Designing Disaster Mobilities (May 2014, Pennsylvania USA)

Dates: 18-21 May 2014
Location: Penn State University, USA
Website: http://iscram2014.ist.psu.edu/node/23 
Deadline for submissions: 15 November 2013

ISCRAM 2014: ELSI in Crises: Ethical, Legal, and Social Issues of IT Supported Emergency Response

We invite practitioner reports, academic papers, and demonstrations of technologies that address ethical, legal and social opportunities and challenges of IT supported crisis management in all phases.

This track explores critical ethical, legal and social issues (ELSI) and innovative responses in practice, policy, and IT design with a view to emergent technology for mobilizing crisis response and management.

Emergent technologies such as dedicated Emergency Management Information Systems (EMIS), cloud computing, mesh networking, mobile and wearable devices, environmental sensors, drones, robots, decision support systems, information visualization, social network and big data analytics can support more agile and better coordinated response and, as highlighted by the conference theme, approaches that engage citizens and communities more effectively in all phases of crisis management and the co-creation of services.

At the same time, challenging ethical, legal and social concerns arise. In a situation of crisis, decision-makers are likely to face complex ethical judgments under great uncertainty, time pressure, and heightened public scrutiny. Information technologies can ease, but also exacerbate these pressures. Crises can trigger exceptions to normal rules and even suspend democratic processes. Information systems can extend the reach and depth of such exceptions, for example through unprecedented possibilities of collecting, processing and sharing of personal data. Such processing may violate people’s privacy or lead to ‘false positives’; it may become difficult to both institute and ‘roll back’ interoperability between ‘smart city’, ‘e-government’, ‘e-healthcare’ and crisis management information systems and information sharing practices. ‘Empowering citizens and communities’ with the support of information systems does not come without dangers, for example of raising expectations, and of strengthening old and creating new digital divides. Co-creation of services can introduce new responsibilities, liabilities and frictions between governmental, professional, volunteer and citizen responders. Legal regulations are needed, but their complexity may be overwhelming and prevent actors from sharing data when they could effectively and legitimately do so. At a societal level, new capabilities of information processing have raised concerns over a creeping ‘securitization’ of everyday life.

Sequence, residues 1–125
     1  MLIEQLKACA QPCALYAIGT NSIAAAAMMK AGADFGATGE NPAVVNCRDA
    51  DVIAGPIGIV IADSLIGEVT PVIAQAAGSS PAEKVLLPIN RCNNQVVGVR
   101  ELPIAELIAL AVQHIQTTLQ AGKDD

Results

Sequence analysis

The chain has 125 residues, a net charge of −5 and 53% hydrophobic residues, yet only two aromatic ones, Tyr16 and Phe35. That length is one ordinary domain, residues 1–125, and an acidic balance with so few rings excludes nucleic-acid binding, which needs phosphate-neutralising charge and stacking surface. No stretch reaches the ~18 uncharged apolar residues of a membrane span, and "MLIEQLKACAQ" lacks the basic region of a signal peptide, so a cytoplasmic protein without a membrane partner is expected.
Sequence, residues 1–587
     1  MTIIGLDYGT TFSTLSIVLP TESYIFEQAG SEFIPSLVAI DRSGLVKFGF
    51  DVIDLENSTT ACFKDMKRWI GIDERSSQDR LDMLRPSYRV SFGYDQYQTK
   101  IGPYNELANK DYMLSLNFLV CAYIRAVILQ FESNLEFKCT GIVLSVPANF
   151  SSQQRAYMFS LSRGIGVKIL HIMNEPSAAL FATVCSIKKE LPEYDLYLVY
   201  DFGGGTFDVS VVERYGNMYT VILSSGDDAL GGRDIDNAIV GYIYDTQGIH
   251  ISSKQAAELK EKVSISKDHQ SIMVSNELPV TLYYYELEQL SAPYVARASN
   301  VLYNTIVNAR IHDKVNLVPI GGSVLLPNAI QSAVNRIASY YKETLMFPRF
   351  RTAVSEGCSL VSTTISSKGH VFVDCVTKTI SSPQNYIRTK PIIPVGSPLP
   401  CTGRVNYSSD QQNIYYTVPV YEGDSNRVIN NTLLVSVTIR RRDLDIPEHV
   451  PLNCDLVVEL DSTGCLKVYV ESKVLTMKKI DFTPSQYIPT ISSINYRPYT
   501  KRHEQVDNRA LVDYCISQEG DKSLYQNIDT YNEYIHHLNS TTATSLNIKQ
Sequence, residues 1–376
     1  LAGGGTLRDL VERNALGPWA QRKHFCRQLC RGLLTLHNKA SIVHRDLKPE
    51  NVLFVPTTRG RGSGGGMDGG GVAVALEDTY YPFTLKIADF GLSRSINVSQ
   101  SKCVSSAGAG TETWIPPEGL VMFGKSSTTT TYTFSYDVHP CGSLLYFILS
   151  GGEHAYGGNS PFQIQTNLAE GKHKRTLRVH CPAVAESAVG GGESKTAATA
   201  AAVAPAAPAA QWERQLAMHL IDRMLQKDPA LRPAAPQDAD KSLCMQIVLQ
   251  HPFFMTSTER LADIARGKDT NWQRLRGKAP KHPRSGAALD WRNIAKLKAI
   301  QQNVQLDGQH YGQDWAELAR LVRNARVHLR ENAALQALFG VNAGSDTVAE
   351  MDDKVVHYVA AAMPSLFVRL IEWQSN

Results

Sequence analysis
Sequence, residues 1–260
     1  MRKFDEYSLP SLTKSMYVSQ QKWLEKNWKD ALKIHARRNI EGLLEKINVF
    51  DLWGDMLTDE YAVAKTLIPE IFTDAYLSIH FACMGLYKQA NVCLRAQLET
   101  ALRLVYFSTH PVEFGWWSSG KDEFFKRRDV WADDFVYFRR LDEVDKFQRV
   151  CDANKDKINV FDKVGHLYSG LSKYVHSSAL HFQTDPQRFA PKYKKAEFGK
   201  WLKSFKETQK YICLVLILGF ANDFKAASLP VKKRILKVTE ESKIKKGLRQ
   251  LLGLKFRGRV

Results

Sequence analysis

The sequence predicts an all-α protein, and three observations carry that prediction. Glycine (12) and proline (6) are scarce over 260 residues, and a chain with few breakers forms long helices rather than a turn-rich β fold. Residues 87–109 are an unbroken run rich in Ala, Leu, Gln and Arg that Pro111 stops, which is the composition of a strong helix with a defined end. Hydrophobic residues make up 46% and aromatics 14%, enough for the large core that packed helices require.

We invite practitioner reports, academic papers, and demonstrations of technologies that address ethical, legal and social opportunities and challenges of IT supported crisis management in all phases. The aim should be to enhance understanding of the promises, premises and risks involved, and to inform constructive socio-technical innovation.

Track topics